Gov. Scott Walker has vetoed a last-minute provision in the state budget that would have stripped local governments of the right to regulate quarries.
Walker is scheduled to sign the $76 billion two-year spending package Thursday at an elementary school in Neenah. His office released a list Wednesday of 99 items he plans to strike or change with his line-item veto authority.
Walker explained in the memo that he objected to “inserting a major policy item into the budget without sufficient time to debate its merits.”
The Legislature’s budget-writing committee introduced the measure on the night of Sept. 5 after less than 90 minutes of debate as part of an omnibus motion to amend the transportation budget. Among other things, it prohibited counties and municipalities from regulating blasting, hours of operation, and noise, air and water quality. It also limited the reach of local zoning laws.
The language prompted objections from organizations representing local governments who objected to the state usurping local control.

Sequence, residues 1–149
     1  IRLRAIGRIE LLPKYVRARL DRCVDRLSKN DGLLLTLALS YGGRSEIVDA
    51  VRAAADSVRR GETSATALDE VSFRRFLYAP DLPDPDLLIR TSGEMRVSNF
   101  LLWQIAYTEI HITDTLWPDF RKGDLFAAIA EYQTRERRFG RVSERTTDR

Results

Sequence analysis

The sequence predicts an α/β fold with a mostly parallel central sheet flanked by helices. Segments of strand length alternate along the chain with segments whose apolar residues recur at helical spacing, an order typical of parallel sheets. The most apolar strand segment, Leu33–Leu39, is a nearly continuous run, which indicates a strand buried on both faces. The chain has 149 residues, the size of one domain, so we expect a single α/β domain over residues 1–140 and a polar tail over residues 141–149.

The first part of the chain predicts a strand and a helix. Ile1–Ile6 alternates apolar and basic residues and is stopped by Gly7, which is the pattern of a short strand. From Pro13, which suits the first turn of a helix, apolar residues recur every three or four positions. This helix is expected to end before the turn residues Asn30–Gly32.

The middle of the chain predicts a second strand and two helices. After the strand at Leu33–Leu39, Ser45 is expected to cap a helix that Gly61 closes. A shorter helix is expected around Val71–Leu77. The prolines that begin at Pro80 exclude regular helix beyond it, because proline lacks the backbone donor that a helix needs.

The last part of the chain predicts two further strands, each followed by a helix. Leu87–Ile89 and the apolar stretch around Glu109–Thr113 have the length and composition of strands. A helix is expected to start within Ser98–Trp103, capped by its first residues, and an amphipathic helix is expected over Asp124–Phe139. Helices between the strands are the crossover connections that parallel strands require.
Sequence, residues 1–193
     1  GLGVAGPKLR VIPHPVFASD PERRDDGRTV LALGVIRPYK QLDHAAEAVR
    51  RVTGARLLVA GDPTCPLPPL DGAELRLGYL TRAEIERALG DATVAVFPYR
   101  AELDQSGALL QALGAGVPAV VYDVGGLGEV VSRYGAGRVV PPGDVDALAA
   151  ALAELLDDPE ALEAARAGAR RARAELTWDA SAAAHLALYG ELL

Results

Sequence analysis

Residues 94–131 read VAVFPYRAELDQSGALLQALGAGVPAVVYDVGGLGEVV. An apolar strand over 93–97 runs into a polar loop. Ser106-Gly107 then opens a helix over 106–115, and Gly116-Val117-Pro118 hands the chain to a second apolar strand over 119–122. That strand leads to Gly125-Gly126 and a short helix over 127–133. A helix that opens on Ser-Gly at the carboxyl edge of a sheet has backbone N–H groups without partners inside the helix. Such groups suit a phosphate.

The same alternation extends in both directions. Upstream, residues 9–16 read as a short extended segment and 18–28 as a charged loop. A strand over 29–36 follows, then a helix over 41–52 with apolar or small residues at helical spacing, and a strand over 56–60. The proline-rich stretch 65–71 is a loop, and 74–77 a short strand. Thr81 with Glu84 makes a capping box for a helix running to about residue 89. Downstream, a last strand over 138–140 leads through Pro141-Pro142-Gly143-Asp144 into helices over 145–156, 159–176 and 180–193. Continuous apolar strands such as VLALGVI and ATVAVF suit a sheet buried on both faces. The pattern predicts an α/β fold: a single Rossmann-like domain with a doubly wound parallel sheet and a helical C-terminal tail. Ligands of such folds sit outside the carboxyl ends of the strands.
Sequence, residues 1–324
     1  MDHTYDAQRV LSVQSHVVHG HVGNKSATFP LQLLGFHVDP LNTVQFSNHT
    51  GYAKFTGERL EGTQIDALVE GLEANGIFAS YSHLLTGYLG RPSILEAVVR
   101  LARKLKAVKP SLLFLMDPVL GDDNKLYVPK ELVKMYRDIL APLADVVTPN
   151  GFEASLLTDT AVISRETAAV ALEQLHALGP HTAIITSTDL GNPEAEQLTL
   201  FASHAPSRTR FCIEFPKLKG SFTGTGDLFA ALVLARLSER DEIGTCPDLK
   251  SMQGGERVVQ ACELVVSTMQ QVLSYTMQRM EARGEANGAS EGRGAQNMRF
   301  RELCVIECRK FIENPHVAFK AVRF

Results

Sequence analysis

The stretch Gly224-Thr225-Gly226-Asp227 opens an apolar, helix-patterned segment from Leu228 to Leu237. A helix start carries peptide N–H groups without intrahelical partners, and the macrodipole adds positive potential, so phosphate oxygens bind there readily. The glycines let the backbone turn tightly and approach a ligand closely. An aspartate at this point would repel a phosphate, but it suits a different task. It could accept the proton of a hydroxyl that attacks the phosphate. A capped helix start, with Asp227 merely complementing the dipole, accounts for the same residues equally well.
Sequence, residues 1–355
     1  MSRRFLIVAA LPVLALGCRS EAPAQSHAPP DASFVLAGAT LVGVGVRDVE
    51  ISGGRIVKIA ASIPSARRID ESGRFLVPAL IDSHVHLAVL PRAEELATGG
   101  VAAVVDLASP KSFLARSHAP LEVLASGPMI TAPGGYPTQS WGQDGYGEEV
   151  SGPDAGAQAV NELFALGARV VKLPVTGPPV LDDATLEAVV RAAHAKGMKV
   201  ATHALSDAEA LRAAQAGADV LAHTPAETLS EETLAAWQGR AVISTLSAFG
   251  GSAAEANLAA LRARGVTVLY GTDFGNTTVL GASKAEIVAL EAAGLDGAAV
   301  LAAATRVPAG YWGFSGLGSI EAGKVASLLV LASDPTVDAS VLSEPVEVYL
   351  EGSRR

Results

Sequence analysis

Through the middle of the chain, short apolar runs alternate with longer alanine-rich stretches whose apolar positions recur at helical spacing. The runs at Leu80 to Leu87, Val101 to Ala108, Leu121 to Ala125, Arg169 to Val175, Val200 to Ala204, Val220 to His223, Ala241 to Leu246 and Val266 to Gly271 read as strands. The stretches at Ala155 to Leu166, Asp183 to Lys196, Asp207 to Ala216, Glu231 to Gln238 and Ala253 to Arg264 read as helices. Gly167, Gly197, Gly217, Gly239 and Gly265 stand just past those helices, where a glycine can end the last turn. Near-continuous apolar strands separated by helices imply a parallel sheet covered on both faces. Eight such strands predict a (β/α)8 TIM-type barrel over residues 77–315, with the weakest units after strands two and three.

Some local leaders feared it could be expanded to include the frac sand mines prevalent in western Wisconsin. It also drew criticism from the state business lobby, which had pushed to have frac sand mining included.
Walker did not object to the idea of limiting local control but to the manner in which the law was introduced.
“While I support the need to address quarry regulations and the ability to provide materials for public works projects in a timely manner,” Walker wrote, “changes of this magnitude should be addressed as separate legislation where the implications can be more carefully explored.”
Walker also vetoed provisions in the motion that prohibited local ordinances that conflict with state statute and that limited the authority of railroads to condemn private property.
However, he let stand a provision that prohibits the use of eminent domain for recreational trails and pedestrian walkways, over the objection of the League of Wisconsin Municipalities, which said in its letter to the governor, “While municipalities seldom use this power, it is an important and sometimes necessary tool for ensuring that vital community assets like bike paths are connected into a logical and well-planned system of routes.”